Ques­tions the courts need to ask about ger­ry­man­der­ing

The Community Connection - - OPINION -

Pol­i­tics! To­day it’s ev­ery­where or of­ten seems so.

Trump ma­nia per­vades news cov­er­age while heated and of­ten testy de­bates about health care, im­mi­gra­tion, crim­i­nal jus­tice and trade pol­icy in­creas­ingly dom­i­nate the na­tional con­ver­sa­tion.

But one place po­lit­i­cal ques­tions do not pre­vail — in­deed ac­cord­ing to le­gal doc­trine can­not pre­vail — is when the courts con­sider the prob­lem of reap­por­tion­ment, the de­cen­nial process in which states draw the con­gres­sional and state leg­isla­tive dis­tricts to con­form to pop­u­la­tion shifts oc­cur­ring over the past decade.

De­cen­nial reap­por­tion­ment has been the law of the land since a land­mark Supreme Court case in 1964 (Reynolds v Sims) ruled that the Equal Pro­tec­tion Clause of the 14th amend­ment re­quires vot­ing dis­tricts be as equal in pop­u­la­tion as pos­si­ble.

Equal they may now be — but fair they are still not. The prob­lem is “ger­ry­man­der­ing” — the an­cient, in­sid­i­ous and so far in­sol­u­ble prac­tice in Amer­i­can pol­i­tics of cre­at­ing vot­ing dis­tricts that pro­tect in­cum­bents and im­mu­nize the party in power from com­pet­i­tive elec­tions.

The re­sult across the na­tion has been a con­glom­er­a­tion of weirdly shaped al­most ghoul­ish in ap­pear­ance con­gres­sional dis­tricts that defy ge­og­ra­phy in the ser­vice of par­ti­san ad­van­tage.

Ger­ry­man­der­ing in Amer­ica is a prob­lem look­ing for a so­lu­tion — and maybe there is one.

Last month, a con­cerned group of Penn­syl­va­nia vot­ers in each of the state’s 18 con­gres­sional dis­tricts acted with the state’s League of Women Vot­ers to find one.

They filed a law­suit in Com­mon­wealth Court ar­gu­ing that the last (2011) state con­gres­sional redis­trict­ing plan was un­con­sti­tu­tional.

The is­sue raised in the suit is whether the bound­ary lines drawn by a Re­pub­li­can con­trolled leg­is­la­ture and signed into law by a Re­pub­li­can gover­nor vi­o­lated the first amend­ment and the equal pro­tec­tion clause of the U.S. con­sti­tu­tion.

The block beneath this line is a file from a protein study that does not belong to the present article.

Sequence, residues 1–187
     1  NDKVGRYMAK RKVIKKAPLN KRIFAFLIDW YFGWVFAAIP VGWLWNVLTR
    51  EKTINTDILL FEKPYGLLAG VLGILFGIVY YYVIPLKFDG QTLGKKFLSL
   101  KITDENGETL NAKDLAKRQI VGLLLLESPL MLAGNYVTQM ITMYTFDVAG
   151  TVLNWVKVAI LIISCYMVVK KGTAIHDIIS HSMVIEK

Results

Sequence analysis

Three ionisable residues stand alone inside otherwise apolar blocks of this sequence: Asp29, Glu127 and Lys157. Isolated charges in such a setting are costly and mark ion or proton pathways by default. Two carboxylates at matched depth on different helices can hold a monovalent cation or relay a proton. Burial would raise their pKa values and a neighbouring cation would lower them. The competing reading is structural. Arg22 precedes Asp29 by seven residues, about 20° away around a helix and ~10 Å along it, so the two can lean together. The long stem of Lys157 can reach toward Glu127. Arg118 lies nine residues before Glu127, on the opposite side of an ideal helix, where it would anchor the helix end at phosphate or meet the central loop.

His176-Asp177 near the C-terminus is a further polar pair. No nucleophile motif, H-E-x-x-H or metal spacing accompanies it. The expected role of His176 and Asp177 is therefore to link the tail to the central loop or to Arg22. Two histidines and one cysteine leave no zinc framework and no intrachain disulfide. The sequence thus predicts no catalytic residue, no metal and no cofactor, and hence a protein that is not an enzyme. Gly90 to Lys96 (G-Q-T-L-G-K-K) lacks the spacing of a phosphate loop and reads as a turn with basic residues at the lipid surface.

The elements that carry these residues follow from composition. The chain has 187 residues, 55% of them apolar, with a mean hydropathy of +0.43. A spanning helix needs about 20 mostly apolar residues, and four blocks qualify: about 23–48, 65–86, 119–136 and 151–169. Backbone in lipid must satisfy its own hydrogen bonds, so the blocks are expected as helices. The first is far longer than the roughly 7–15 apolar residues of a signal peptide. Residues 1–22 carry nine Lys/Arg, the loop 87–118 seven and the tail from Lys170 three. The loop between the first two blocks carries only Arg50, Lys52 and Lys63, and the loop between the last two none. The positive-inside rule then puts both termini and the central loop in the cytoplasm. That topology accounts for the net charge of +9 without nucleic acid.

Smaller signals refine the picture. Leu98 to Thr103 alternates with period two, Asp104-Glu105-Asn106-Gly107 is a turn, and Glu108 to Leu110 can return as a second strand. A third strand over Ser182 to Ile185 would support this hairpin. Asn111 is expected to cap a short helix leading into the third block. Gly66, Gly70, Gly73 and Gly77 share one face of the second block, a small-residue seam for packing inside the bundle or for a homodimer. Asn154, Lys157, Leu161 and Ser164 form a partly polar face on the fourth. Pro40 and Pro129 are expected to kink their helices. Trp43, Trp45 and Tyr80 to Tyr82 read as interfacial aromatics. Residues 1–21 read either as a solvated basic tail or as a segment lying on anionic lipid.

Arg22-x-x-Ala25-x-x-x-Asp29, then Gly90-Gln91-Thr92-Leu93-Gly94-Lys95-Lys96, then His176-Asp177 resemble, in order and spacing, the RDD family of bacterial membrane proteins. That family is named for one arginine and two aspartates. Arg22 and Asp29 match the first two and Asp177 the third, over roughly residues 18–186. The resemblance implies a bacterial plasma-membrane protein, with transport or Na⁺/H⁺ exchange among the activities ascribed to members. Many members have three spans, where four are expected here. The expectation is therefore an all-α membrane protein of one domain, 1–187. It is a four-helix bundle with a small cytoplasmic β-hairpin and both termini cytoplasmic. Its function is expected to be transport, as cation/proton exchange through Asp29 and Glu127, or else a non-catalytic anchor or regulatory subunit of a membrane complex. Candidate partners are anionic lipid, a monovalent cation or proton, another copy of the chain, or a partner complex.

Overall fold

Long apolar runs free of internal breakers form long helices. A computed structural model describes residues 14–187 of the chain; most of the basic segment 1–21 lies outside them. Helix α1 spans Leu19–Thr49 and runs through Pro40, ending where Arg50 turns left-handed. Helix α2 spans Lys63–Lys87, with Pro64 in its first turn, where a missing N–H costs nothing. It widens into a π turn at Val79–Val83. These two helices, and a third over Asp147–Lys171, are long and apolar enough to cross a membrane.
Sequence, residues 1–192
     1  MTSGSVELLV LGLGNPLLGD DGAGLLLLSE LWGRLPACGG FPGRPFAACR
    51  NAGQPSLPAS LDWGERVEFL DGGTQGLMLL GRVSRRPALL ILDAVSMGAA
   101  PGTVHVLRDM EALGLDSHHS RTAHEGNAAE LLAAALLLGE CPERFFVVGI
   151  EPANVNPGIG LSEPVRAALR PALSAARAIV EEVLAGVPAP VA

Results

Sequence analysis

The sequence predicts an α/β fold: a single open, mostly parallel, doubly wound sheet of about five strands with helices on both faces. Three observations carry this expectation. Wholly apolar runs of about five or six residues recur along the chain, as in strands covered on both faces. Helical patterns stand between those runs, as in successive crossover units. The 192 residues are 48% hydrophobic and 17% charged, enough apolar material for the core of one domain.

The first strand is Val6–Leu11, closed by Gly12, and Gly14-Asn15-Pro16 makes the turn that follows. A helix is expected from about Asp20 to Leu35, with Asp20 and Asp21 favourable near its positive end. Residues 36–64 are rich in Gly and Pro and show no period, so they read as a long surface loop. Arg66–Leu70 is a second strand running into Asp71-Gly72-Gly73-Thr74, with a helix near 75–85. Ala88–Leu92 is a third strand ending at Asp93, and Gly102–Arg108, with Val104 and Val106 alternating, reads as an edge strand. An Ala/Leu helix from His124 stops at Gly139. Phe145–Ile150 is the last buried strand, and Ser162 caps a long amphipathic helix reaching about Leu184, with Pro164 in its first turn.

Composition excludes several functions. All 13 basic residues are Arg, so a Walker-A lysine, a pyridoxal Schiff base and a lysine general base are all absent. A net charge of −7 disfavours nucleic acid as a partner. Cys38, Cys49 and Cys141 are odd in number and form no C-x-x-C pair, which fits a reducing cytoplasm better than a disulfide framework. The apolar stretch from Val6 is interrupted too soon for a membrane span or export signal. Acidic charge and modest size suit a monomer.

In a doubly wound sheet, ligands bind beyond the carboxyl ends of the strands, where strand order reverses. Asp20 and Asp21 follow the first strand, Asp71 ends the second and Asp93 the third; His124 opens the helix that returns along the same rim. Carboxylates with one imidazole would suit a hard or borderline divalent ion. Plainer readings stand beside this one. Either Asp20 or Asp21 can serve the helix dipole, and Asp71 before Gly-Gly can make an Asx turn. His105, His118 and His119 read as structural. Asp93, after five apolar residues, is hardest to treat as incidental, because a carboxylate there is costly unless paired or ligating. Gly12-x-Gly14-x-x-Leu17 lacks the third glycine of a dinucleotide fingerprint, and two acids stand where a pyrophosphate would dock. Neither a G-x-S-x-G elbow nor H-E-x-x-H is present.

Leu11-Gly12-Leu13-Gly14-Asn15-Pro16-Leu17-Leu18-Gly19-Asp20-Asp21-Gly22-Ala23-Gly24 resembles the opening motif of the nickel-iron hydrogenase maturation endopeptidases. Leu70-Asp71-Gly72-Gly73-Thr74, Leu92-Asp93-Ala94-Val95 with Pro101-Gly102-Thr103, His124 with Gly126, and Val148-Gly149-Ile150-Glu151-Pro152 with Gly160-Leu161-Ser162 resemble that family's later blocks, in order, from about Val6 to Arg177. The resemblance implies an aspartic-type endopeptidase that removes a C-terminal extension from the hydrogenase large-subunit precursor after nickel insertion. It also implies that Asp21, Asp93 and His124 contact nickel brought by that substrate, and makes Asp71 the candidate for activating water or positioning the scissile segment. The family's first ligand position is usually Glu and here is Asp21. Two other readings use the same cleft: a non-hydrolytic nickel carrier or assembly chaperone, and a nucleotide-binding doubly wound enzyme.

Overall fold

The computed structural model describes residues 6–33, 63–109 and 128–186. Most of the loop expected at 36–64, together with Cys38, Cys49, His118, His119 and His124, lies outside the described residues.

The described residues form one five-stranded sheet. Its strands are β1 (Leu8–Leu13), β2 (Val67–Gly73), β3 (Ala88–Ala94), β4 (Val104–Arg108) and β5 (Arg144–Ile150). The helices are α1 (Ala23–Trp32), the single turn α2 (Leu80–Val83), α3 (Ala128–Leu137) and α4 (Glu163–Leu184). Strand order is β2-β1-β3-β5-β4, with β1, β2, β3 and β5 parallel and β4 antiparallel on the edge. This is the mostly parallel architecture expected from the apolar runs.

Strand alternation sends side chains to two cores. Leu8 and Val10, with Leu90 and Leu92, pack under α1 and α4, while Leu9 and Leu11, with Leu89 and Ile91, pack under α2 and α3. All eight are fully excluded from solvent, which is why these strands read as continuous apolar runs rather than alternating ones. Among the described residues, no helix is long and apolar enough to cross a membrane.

Some his­tory helps here. Po­lit­i­cal ger­ry­man­der­ing is a ref­er­ence to the in­fa­mously shaped sala­man­der district drawn in 1812 by then Gover­nor of Mas­sachusetts, El­bridge Gerry.

Gerry named it, but Penn­syl­va­nia may have in­vented it.

Cer­tainly, po­lit­i­cal ger­ry­man­der­ing has ex­isted in Penn­syl­va­nia back to colo­nial times when an ef­fort was made by some county po­lit­i­cal lead­ers to limit the power of Phil­a­del­phia.

If it be­gun here, could it end here? Penn­syl­va­nia’s his­tory tilt­ing at the ger­ry­man­der wind­mill doesn’t start with the cur­rent law­suit. Back in 2004 the U.S. Supreme Court agreed to hear a Penn­syl­va­nia case, known as Vi­eth et al. v. Jube­lirer.

When Vi­eth was fi­nally de­cided in 2004, a di­vided Supreme Court ruled that the al­leged ger­ry­man­der­ing could not be chal­lenged be­cause it in­volved a ques­tion that was not jus­ti­cia­ble.

Thus the fil­ing of the Penn­syl­va­nia law­suit chal­lenges this or­tho­doxy as does the case that the U.S. Supreme Court has agreed to hear in­volv­ing a Wis­con­sin redis­trict­ing plan.

Both the Penn­syl­va­nia and Wis­con­sin cases es­sen­tially ask whether par­ti­san ger­ry­man­der­ing vi­o­lates the Equal Pro­tec­tion clause of the U. S. Con­sti­tu­tion.

To do that the jus­tices need to wade into that sticky wicket of “po­lit­i­cal ques­tions” they have been so loath to en­ter.

But if the courts take a good look at the grotesque, dis­torted and dis­jointed con­gres­sional dis­tricts across the coun­try pro­duced by past ger­ry­man­ders, those “po­lit­i­cal ques­tions” might start to also look like some pretty good ques­tions to ask.

G. Terry Madonna is pro­fes­sor of pub­lic af­fairs at Franklin & Mar­shall Col­lege, and Michael Young is a former pro­fes­sor of pol­i­tics and pub­lic af­fairs at Penn State Uni­ver­sity and man­ag­ing part­ner of Michael Young Strate­gic Re­search.

Madonna and Young can be reached, re­spec­tively, at terry. madonna@fandm.edu and dr­mike­ly­oung@com­cast.net

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